Counter Measures

Robert Roe
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I imagine that sometimes I come across as grumpy. Crabby. Perhaps even cantankerous. But that’s probably just because you don’t know me too well. If you did, you would say I’m curmudgeonly. “A distinction without a difference,” you might say. It’s all a matter of perspective, say I.

Case in point. A parent takes their toddler to a store, eager to buy widgets, geegaws or thingamabobs and get the heck out of there in order to get back to the “Chrisley Knows Best” marathon they were enjoying at home.

As if hoisting a purse or a backpack on the counter, said parent plops little Johnny or Susie on the counter and proceeds to ransack their purse or wallet to pay for the aforementioned junk.

Which leaves the child’s bottom nestled on the surface of a piece of space with which subsequent customers will have contact.

Before you get upset, let me rephrase that last sentence. Instead of nestling, I meant marinating. Infusing. Bathing. Pickling … whatever. A young person’s backside skootched around on a surface other people will use over the course of a business day. Sure, the coos and giggles of these little crumb snatchers are adorable, but not enough to have their less than tamed backsides canoodling where I am about to write a check or deposit some food.

Remember last week how outraged people were to see a father changing his child’s diaper on the floor of a men’s room? Now think of the kid sitting (diaper clad, to be sure) on a counter of, say, the Acme Widget Company.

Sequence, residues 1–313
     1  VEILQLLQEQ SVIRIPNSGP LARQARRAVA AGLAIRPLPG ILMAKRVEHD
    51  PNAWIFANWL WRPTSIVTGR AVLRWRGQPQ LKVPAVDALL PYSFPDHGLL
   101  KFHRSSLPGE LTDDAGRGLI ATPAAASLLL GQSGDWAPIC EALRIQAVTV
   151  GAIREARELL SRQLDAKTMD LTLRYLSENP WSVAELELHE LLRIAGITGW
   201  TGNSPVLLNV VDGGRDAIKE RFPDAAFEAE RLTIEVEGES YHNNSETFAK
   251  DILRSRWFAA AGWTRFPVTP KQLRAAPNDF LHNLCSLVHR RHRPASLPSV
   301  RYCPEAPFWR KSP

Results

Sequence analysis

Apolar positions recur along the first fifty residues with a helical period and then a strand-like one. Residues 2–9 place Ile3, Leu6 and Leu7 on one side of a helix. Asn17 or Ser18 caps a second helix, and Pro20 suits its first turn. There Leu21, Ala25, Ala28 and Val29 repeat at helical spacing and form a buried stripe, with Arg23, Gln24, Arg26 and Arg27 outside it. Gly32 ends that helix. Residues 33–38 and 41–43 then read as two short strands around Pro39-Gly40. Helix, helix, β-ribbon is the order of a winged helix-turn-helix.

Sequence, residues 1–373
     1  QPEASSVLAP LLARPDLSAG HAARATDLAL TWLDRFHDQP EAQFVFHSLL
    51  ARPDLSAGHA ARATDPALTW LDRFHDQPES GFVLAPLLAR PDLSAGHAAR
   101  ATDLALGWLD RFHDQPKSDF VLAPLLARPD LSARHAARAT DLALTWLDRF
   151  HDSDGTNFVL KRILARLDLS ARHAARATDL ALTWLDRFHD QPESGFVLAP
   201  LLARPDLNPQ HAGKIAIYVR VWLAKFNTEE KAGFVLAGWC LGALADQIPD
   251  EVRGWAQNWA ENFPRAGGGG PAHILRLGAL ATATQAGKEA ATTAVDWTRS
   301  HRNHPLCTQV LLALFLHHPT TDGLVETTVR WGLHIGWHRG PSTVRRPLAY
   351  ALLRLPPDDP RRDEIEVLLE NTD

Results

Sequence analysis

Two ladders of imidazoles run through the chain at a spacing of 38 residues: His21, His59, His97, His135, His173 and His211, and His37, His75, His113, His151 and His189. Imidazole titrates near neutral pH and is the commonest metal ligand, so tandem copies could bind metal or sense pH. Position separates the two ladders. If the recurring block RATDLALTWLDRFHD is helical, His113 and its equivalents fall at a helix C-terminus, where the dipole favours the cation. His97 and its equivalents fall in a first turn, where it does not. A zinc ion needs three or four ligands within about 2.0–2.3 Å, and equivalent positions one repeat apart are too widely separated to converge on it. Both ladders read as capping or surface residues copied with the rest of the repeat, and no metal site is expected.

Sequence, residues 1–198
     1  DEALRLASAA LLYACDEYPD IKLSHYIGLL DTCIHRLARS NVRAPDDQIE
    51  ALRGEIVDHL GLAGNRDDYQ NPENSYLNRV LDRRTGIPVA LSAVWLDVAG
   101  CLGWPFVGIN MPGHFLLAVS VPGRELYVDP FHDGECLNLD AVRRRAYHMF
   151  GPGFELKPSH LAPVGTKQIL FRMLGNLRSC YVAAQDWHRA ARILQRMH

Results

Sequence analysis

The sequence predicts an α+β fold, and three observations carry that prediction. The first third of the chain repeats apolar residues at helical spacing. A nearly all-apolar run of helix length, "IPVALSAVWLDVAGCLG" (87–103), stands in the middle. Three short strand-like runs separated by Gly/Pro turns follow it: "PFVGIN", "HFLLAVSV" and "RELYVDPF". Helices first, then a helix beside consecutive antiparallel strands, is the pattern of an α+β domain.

Picture the baby’s bottom setting up shop on the counter of any number of businesses. Hold up. Replace the image of that cute, gurgling bundle of joy with anyone’s bottom. Sitting on the surface you are next to touch. Will it be for commerce? For a meal? Perhaps to just rest your hands or head on the place someone else’s backside has called home?

How do you feel – nauseous at the thought? Smug in the knowledge that your immune system is protected from baby bottoms? News flash – these are places of business, not baby lounges.

Am I on a war against the neonate? Don’t be absurd. However much I wish parents would be more attentive to where they park their offspring’s fourth point of contact, there are other pressing problems to be considered, like

Lurchers. I call them this in honor of the Addams Family’s cherished butler, Lurch. It doesn’t matter whether the sales counter is a foot or a mile wide, the Lurcher stretches over the counter like Mr. Fantastic at a Comicon signing, straining to see what is happening on the other side.

Personal space? Let’s talk about professional space between the customer and a service representative. Put simply, places of commerce are places of business, not places to get your business on.

Those are only a couple of the issues that stick in my craw. I’m sure once I have achieved my goal of being a crotchety old man, I’ll have more insights into what is wrong with the world these days. Now, if you would kindly get off my lawn …

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Robert Roe